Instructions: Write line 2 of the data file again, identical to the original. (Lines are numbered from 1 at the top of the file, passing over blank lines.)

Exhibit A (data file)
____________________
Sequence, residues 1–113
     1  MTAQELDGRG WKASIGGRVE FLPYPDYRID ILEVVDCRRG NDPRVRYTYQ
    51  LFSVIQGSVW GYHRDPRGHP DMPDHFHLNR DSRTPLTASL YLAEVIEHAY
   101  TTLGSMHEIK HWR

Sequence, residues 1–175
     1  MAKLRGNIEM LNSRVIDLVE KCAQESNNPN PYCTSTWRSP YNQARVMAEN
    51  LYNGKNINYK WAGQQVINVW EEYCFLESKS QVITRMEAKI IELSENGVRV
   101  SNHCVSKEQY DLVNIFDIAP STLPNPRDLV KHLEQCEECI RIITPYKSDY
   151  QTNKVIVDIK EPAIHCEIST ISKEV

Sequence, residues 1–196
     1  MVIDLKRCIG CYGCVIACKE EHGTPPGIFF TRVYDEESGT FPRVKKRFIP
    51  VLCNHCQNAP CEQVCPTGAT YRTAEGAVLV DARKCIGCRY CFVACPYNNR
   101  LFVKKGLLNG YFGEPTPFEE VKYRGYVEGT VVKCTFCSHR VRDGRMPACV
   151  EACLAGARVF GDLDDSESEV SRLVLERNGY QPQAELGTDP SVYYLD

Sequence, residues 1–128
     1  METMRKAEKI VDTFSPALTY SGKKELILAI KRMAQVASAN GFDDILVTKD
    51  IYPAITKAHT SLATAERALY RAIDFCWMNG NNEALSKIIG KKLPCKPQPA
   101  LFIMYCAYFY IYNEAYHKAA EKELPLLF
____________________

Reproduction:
     1  MTAQELDGRG WKASIGGRVE FLPYPDYRID ILEVVDCRRG NDPRVRYTYQ